|ARKHAM MANOR: ENDGAME No. 1, June 2015|
Despite being a Bat-title and forming part of the multi-issue “Endgame” story-arc which highlighted the return of the Dark Knight’s most memorable nemesis The Joker, this one-shot does not actually even contain a mention of the Caped Crusader, let along actually feature the character. But that doesn’t necessarily mean that Frank Tieri’s storyline is a bad one. It isn’t. However his rather bizarre twenty-page ‘prison break’ plot is not a terribly good tale either.
Purportedly the ‘grand finale’ to the short-lived six-issue run of “Arkham Manor”, this comic has been officially described as answering the question “what do Batman’s villains do on the craziest night in Gotham City?” Disappointingly they apparently all simply ‘club together’ and follow an ex-con hospital guard in a somewhat surreal attempt to escape their incarceration within Bruce Wayne’s former home… and “make it to the stairs.”
Admittedly there may well be some semblance of logic to such a narrative. The former writer of “Grifter” manages to cram the vast majority of Batman’s Rogues Gallery into his yarn. With the likes of such notable villains as The Joker, Victor Zsasz, Bane, Mister Freeze, Clayface, Clownface, Poison Ivy and the Mad Hatter all potentially being ‘big draws’ for comic book fans. But in order to incorporate so many ‘familiar faces’ the American author has had to use them sparingly and certainly can’t afford for them to utilise their super-powers; otherwise Clayface would have simply smashed a route to freedom through the nearest brick wall.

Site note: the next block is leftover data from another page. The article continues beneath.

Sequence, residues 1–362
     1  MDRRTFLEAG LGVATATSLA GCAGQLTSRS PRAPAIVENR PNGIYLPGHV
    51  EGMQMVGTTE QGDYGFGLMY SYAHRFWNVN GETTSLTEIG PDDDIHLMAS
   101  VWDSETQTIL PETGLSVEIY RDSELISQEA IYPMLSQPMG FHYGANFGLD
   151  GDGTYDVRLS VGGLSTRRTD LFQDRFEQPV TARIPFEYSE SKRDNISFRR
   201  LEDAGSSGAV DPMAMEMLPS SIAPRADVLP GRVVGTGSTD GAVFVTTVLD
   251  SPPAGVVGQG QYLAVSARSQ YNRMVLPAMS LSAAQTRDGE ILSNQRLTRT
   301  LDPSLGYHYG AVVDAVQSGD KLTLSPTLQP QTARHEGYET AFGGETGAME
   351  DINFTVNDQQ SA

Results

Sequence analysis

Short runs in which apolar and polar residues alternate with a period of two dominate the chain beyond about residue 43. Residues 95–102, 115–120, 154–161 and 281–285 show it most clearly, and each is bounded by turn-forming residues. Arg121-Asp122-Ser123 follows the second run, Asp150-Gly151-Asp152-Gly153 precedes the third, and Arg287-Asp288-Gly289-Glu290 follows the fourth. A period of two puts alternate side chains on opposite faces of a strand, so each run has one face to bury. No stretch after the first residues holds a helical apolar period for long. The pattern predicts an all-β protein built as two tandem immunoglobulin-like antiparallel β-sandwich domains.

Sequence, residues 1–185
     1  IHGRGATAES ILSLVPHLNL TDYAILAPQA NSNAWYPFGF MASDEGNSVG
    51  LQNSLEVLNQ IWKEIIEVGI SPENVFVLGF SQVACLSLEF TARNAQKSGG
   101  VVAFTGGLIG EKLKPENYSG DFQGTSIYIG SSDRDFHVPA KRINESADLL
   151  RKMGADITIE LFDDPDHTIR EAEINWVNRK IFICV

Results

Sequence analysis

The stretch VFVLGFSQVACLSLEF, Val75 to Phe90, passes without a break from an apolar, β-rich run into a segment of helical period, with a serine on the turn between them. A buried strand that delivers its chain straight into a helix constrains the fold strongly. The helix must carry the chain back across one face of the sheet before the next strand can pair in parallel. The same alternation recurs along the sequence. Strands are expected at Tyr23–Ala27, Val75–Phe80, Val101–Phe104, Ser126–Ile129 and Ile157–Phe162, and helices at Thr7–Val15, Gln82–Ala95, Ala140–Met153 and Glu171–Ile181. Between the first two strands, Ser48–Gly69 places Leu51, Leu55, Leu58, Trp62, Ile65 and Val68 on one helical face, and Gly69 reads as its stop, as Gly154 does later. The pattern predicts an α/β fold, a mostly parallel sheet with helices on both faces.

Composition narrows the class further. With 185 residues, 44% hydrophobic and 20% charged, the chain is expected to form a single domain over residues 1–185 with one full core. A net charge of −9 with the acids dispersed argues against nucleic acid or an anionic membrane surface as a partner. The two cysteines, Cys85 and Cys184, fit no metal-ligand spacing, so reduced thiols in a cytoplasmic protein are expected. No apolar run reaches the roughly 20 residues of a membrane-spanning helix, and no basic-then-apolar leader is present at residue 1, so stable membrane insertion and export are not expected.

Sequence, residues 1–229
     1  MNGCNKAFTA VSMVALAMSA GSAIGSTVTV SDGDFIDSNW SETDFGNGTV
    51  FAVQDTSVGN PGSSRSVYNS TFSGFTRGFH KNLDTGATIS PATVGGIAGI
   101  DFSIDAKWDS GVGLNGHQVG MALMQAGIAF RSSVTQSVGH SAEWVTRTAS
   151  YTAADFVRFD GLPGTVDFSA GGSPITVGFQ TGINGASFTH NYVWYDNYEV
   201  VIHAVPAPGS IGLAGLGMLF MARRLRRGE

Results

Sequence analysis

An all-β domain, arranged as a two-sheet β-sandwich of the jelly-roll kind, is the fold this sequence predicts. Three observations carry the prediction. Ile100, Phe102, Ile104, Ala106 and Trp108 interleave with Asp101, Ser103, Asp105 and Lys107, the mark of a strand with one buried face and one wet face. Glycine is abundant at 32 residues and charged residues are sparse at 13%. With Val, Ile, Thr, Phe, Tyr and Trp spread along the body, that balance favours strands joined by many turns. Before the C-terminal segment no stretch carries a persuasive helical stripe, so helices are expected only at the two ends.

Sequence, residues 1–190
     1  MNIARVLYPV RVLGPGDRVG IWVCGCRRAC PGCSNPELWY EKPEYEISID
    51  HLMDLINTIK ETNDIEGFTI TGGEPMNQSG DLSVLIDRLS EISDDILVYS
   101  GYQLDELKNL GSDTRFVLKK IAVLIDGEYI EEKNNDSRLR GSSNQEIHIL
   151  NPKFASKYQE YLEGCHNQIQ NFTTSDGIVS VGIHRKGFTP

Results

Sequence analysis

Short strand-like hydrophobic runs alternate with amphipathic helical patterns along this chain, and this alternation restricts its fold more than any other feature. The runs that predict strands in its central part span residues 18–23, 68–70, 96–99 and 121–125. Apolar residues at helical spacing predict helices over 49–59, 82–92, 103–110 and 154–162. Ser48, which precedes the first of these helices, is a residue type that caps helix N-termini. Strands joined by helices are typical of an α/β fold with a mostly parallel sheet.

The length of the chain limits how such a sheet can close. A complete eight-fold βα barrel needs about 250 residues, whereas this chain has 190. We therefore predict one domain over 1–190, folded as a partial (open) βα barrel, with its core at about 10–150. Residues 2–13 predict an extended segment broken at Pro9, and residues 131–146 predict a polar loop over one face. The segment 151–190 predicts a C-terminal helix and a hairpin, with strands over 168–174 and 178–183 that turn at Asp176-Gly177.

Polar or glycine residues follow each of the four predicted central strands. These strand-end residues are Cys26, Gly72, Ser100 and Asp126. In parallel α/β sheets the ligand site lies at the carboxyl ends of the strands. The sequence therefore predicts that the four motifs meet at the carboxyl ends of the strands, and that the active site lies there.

Instead Tieri has to limit their roles to that of inconsequential ‘sidekicks’ and give the lion’s share of the story to former Blackgate inmate turned security officer Stone. Such an anaemic use of such recognisable classic criminals is rather disappointing and leads to some truly irksome scenes, such as where Bane, a man powerful enough to have actually ‘broken the Bat’, inauspiciously asks his gaoler to “get us out of here.”
Perhaps the biggest anti-climax however has to be this magazine’s final reveal that the white-faced green-haired lunatic responsible for shutting down the prison’s electrical power and releasing ‘Joker gas’ throughout the facility is not actually the Clown Prince of Crime but a mentally deranged Jeremiah Arkham. Whilst a somewhat interesting conclusion, the sudden spiral into insanity for the institution’s warden would perhaps have been something more worthy of a multi-issue story-arc than a humble one-shot.
Putting aside the inadequacies of this comic's writing, especially as the escapees headlong dash through Wayne Manor is actually quite entertaining at times, this periodical ultimately disappoints because it features the artwork of no less than four different illustrators. Just why Flexi Ruiz fails to illustrate the comic’s middle five pages is something of a mystery. But no more so than Editor Mark Doyle’s decision to utilise the drawing skills of Roberto Viacava and Walden Wong for just two of the missing sheets, and then Christian Duce for another three. To be brutally honest none of the artists are likely to ‘set the comic book world on fire’, but Duce’s manically smiling Joker and heavily lined faces do stand out as the better panels from the bunch; especially when they’re printed directly alongside the rather wanting pencils of Ruiz. In addition Nick Filardi’s consistent work as colorist also goes a long way to ensure that each transition is essentially unnoticeable.